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Freemasons

In the Middle Ages a guild of masons specially employed in building churches. Called “free” because exempted by several papal bulls from the laws which bore upon common craftsmen, and exempt from the burdens thrown on the working classes.

St. Paul's, London, in 604, and St. Peter's, Westminster, in 605, were built by Freemasons. Gundulph (bishop of Rochester), who built the White Tower, was a “Grand Master;” so was Peter of Colechurch, architect of Old London Bridge. Henry VII.'s chapel, Westminster, was the work of a Master Mason; so were Sir Thomas Gresham (who planned the Royal Exchange), Inigo Jones, and Sir Christopher Wren. Covent Garden theatre was founded in 1808 by the Prince of Wales in his capacity of “Grand Master.”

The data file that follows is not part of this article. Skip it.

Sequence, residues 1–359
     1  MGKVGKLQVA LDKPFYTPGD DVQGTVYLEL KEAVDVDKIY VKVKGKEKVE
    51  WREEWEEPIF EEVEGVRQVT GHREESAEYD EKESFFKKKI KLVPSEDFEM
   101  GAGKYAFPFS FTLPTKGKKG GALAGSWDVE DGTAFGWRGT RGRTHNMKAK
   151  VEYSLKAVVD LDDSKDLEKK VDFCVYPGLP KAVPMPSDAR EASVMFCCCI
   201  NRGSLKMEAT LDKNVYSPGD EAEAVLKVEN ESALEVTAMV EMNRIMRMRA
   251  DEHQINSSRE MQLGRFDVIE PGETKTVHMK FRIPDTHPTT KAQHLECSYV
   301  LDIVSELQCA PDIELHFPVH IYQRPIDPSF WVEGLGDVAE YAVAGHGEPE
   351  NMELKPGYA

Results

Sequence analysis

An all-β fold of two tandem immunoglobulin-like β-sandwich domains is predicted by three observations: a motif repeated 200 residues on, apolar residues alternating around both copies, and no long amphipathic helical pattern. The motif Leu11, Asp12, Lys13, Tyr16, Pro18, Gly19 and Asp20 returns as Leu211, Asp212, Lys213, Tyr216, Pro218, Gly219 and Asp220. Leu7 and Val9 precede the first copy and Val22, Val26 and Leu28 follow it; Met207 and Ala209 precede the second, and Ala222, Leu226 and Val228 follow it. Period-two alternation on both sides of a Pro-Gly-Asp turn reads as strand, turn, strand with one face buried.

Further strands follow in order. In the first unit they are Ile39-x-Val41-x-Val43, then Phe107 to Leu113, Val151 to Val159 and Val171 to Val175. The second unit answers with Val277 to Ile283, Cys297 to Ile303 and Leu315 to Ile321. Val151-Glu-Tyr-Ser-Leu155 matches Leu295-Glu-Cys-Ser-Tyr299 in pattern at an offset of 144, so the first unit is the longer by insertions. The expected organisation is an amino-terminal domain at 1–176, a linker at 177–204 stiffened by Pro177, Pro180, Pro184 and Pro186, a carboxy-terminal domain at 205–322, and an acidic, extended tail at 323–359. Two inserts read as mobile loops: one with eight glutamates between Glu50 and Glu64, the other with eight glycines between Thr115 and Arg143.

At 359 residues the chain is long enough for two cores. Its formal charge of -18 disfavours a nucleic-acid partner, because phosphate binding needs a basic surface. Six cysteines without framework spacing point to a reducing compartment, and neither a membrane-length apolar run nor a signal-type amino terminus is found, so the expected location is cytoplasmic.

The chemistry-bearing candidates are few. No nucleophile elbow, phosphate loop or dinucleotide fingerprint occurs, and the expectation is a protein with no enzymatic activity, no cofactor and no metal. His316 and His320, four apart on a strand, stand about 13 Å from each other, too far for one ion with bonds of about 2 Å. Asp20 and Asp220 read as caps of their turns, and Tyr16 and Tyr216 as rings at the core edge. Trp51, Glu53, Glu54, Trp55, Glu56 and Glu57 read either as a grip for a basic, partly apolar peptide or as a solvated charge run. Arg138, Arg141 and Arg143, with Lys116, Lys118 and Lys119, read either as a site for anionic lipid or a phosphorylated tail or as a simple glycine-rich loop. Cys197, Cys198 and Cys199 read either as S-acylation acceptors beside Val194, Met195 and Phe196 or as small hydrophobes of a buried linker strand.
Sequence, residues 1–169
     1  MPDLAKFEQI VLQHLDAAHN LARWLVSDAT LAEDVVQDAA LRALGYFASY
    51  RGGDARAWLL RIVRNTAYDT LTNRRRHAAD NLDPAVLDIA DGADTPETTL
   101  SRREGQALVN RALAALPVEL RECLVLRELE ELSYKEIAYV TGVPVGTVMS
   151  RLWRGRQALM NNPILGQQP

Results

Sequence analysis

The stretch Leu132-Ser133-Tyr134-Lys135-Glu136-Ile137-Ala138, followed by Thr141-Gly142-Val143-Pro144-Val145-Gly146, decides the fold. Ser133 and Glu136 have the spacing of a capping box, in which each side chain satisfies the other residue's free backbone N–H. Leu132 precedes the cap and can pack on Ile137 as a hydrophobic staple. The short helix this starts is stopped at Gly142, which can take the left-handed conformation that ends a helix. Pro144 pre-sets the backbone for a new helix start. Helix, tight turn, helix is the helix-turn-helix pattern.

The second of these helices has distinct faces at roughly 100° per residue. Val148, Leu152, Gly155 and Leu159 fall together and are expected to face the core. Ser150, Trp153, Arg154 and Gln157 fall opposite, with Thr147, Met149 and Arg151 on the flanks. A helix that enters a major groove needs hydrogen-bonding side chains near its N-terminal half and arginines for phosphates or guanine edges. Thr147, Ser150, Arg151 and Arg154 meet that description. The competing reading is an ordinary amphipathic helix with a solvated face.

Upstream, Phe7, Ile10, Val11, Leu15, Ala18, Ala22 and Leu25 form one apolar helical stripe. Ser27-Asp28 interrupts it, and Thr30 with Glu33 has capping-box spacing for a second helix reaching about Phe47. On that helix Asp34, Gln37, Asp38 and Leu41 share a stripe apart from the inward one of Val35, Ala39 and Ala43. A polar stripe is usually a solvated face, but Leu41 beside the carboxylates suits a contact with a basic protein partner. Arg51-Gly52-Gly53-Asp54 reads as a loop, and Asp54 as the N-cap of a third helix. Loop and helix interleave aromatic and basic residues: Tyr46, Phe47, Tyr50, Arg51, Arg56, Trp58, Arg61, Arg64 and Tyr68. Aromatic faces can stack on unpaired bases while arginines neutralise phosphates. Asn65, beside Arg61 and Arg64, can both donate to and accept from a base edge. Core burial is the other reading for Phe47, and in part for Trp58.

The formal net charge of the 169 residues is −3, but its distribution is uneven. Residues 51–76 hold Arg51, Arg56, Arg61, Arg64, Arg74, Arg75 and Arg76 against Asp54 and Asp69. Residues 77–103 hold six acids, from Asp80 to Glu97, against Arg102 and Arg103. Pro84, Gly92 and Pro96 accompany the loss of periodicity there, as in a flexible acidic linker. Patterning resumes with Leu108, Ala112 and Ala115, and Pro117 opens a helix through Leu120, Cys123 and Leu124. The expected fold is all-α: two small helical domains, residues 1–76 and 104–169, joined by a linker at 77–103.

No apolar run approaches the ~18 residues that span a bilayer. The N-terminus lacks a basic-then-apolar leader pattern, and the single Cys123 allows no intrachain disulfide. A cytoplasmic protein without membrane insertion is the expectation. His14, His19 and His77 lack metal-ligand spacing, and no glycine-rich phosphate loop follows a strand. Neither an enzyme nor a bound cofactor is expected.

“Before the beginning of the 13th century the corporation of freemasons was not sufficiently organised to have had much influence on art.” —J. Fergusson: Historic Archaeology, vol. i. part ii. chap. viii. p. 527.

The lady Freemason
was the Hon. Miss. Elizabeth St. Leger, daughter of Lord Doneraile, who (says the tale) hid herself in an empty clock-case when the lodge was held in her father's house, and witnessed the proceedings. She was discovered, and compelled to submit to initiation as a member of the craft.

Source: Dictionary of Phrase and Fable, E. Cobham Brewer, 1894
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